Amalgamation (also known as merger) in the corporate world refers to a process whereby two or more corporations unite to form one corporation and continue in existence as this one corporation. The analogy often used is that amalgamation is like two streams coming together to form one larger river. The assets and liabilities of each corporation would flow and continue within this amalgamated corporation. The shareholders of each predecessor corporation would become the shareholders of the amalgamated corporation.
Although the concept seems simple enough to understand, there are numerous corporate law requirements that must be met in order to proceed with an amalgamation. The amalgamation provisions of the Ontario Business Corporations Act (OBCA) are contained in sections 174-179, and comparable provisions of the Canada Business Corporations Act (CBCA) are contained in sections 181-186.1. One key requirement is that all the corporations looking to amalgamate must be governed under the same statute. A CBCA corporation cannot amalgamate with an OBCA corporation - one of the corporations would need to be continued under the other statute as a pre-condition of the amalgamation, which would require filing Articles of Continuance.
Amalgamations can either proceed as “short-form” or “long-form”. There are two types of short-form amalgamations – vertical and horizontal. In a vertical short-form amalgamation, a holding corporation (aka a “parent” corporation) and one or more of its subsidiary corporations (aka the “children” corporations) would amalgamate. In a horizontal short-form amalgamation, two or more wholly-owned subsidiary corporations (two “child” corporations) of the same holding corporation (the same “parent” corporation) would amalgamate.
A long-form amalgamation must occur if the requirements of a short-form amalgamation cannot be met; the most obvious case being when there are two unrelated, arms-length corporations that wish to amalgamate. Short-form amalgamations are much easier to accomplish than long-form amalgamations because the former only require director approval, while the latter require director and shareholder approval, as well as the preparation of an amalgamation agreement. Such agreement must contain provisions relating to the manner of paying money instead of issuing fractional shares, whether the by-laws of the amalgamated corporation are to be those of one of the amalgamating corporations, and other details that provide for the subsequent management and operation of the amalgamated corporation. As shareholder approval is required for long-form amalgamations, any shareholders who dissent to (i.e., do not approve of) the proposed amalgamation are entitled to be paid fair value of their shares.
Other legal and procedural considerations for amalgamations include how shares must be cancelled, which by-laws to adopt for the amalgamated corporation, how shares can be issued and assets distributed, and stated capital considerations. Regardless of whether you are proceeding with a short or long-form amalgamation, Articles of Amalgamation must also be prepared and filed (with payment of the associated filing fee). Attached to these Articles must also be certain statements sworn by a director or officer of each amalgamating corporation relating to the solvency of the predecessor corporations and amalgamated corporation, as well as whether any creditors would be affected by the amalgamation. Once the amalgamation takes effect, the corporate records of the amalgamated company should be updated to reflect who the current directors and officers will be, confirm the by-laws, issue new share certificates, and make any other required changes. If the amalgamated corporation’s name is not a number name or the name of one the amalgamating corporations, a NUANS name search must be conducted to ensure the new corporate name can be used without conflict. The Canada Revenue Agency also requires that the new amalgamated corporation obtain a new HST number.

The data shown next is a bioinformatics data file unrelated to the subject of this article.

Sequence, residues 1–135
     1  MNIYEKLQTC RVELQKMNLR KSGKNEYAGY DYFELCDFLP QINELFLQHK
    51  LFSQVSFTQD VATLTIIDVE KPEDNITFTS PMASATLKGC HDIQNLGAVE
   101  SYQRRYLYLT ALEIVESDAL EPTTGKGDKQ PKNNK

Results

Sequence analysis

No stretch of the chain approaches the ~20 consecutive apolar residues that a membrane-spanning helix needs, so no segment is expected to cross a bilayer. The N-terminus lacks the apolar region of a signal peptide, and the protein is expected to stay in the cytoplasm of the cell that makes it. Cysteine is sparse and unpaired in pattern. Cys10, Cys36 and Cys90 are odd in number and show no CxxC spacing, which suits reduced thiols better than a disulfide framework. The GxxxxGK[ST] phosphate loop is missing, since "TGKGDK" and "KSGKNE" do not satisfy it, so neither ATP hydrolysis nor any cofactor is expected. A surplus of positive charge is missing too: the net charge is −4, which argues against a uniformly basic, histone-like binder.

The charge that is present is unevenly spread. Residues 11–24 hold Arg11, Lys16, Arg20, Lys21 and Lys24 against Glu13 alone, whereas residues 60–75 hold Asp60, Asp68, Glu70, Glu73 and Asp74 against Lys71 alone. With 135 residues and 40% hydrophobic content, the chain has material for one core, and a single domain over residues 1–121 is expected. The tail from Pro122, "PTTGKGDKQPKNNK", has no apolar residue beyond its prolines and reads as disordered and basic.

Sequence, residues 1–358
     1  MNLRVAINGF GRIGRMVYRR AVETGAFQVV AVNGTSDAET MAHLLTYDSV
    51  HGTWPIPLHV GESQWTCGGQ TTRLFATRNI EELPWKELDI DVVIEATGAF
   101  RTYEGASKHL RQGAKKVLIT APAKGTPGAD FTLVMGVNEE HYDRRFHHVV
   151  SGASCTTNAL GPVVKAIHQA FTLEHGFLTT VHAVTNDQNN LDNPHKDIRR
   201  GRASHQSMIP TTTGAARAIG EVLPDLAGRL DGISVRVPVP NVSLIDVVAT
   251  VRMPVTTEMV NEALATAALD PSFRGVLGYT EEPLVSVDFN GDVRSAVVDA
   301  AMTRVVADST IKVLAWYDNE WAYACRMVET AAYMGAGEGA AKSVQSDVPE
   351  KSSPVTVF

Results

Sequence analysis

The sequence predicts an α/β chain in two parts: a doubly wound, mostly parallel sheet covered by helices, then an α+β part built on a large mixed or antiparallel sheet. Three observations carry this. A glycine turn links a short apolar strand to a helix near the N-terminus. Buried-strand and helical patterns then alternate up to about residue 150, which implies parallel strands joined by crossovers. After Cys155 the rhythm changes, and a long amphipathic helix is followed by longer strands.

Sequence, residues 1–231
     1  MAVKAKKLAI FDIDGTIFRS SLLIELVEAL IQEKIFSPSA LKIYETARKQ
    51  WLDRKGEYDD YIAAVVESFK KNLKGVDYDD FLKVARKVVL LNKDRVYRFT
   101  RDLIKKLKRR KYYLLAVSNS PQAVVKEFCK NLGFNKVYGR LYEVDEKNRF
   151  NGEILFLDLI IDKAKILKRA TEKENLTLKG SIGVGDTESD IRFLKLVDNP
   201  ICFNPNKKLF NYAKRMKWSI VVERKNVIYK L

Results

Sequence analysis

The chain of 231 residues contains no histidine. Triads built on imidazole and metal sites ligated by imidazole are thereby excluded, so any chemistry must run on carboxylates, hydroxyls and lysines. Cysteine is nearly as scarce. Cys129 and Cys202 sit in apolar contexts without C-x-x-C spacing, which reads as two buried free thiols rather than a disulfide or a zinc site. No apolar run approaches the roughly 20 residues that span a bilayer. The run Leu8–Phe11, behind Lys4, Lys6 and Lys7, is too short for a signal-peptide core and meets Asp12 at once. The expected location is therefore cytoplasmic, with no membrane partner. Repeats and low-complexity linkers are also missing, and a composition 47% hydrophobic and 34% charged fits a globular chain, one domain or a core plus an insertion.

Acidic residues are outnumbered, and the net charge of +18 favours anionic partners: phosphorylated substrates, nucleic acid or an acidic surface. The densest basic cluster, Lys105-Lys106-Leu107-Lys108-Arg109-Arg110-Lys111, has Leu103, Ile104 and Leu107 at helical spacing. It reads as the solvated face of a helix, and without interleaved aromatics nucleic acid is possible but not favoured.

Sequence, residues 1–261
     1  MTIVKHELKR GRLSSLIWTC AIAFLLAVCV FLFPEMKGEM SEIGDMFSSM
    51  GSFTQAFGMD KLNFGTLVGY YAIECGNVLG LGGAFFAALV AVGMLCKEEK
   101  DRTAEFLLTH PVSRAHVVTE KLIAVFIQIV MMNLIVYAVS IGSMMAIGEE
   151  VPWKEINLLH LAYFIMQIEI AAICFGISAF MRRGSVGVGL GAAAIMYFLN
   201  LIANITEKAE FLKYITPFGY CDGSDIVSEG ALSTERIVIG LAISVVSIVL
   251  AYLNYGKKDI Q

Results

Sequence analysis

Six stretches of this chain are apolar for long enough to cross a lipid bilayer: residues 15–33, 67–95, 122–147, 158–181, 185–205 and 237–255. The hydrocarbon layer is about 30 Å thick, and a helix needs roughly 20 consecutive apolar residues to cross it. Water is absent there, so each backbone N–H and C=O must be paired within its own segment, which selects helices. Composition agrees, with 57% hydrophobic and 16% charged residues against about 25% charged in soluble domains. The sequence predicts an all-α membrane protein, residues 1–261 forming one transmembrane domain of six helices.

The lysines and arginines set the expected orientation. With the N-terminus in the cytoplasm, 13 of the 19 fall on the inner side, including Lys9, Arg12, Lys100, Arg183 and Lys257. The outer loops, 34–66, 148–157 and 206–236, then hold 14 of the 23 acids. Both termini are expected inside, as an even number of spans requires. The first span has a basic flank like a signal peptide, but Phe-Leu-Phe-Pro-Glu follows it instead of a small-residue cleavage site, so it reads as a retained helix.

Considering all the legal intricacies, requirements and professional fees associated with performing an amalgamation, why would one do it? There are numerous reasons why an amalgamation procedure could prove beneficial. It provides a means of streamlining your privately-held corporate entities in order to simplify corporate structures and get rid of unnecessary or redundant corporations. It also offers a way to shift assets (and liabilities) from one corporation to another without disposing of the assets of any predecessor corporation (contrary to dissolving the corporation, which would cause a deemed disposition of all its assets), therefore avoiding tax disposition consequences under the provisions of the Income Tax Act, Land Transfer Tax Act or Part IX of the Excise Tax Act regarding GST/HST.
Amalgamations can be a useful and flexible tool for achieving your business and tax planning goals. You should always engage your corporate lawyer if you are thinking of entering into an amalgamation, whether it be short-form or long-form, as there are various corporate law requirements that must be met as described above. You should also consult with your accountant before and throughout the amalgamation process, as there are important tax considerations that must be considered as well.